Jun. 14th, 2011

arachnekallisti: (act her age)
You could make a case that it was in 1969 that synthpop as we know it was born. The first time that it occurred to someone that you could make purely electronic music that you could dance to. That case would be a track called "Popcorn", recorded by Gershon Kingsley on his album Music to Moog By.

"Popcorn" has gone on to become something of a synthpop standard. It's been covered by everyone from Aphex Twin to the Swedish Chef. There's at least 79 versions around, but these are my personal favourites:

1. Gershon Kingsley, 1969.
The original, and possessed of a certain retro charm. Quite different from later versions - the melody's slightly different, and it doesn't have the chorus in.

2. Hot Butter, 1972.
Arguably the definitive version, and the basis for all subsequent ones.

3. Marsheaux, 2004.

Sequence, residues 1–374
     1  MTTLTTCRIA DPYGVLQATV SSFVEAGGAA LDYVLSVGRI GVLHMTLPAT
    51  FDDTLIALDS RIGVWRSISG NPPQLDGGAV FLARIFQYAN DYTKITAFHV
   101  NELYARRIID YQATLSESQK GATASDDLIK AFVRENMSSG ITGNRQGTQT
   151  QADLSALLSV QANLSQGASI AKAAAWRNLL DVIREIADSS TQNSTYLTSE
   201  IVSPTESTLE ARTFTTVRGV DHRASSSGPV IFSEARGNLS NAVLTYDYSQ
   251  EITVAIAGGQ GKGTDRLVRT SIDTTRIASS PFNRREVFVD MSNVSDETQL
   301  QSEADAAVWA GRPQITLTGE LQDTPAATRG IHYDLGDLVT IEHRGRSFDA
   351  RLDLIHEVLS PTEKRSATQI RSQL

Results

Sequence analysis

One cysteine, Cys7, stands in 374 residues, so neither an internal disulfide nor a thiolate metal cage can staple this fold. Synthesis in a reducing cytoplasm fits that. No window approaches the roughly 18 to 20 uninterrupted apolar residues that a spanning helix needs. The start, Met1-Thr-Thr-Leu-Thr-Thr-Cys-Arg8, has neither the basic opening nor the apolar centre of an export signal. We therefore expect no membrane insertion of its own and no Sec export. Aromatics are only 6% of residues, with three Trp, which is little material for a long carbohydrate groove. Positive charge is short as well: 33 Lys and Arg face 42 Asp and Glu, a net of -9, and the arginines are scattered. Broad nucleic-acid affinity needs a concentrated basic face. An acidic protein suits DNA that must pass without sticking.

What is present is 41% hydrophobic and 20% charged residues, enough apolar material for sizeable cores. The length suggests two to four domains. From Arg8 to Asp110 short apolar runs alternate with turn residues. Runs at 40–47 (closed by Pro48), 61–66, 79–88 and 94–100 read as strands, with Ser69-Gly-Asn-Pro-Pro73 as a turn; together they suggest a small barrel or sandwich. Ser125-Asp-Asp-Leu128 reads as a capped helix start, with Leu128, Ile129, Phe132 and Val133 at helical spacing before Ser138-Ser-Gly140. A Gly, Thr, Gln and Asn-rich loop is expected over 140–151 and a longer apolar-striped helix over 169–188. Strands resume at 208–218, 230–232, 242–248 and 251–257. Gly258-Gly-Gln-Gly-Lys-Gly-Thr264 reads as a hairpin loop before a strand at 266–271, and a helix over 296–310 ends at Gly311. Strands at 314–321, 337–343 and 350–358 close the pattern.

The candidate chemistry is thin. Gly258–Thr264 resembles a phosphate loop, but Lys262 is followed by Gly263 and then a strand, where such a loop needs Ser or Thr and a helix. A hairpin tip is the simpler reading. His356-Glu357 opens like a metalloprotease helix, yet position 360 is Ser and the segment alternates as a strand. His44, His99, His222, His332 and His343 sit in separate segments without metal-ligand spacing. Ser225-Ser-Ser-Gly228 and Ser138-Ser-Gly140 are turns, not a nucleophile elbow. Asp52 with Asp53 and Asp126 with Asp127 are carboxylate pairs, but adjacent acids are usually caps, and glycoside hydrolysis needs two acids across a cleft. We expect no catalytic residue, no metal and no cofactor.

Probably my favourite. Chilly and ethereal.

4. Muse, 2010.
Prog-rock version with lots of guitar.

5. Fiddler's Green, 2003.
Folk-metal version. THIS IS AWESOME.

6. Aphex Twin, 1992.
Uncompromising experimental electronica version.

7. The Popcorn Orchestra, 1972.
Actually Jean-Michel Jarre, before he was famous.

8. The M & H Band, 1987.
Not actually Jean-Michel Jarre, although they're doing a pretty good impression of him.

9. Guru Josh, 1990.
Live acid house version. Quite fun, but goes on a bit.

10. Necronomikids, 2009.
Surf rock thrash version. Fast, fun, but over a bit too soon.

Videos under the cut. )

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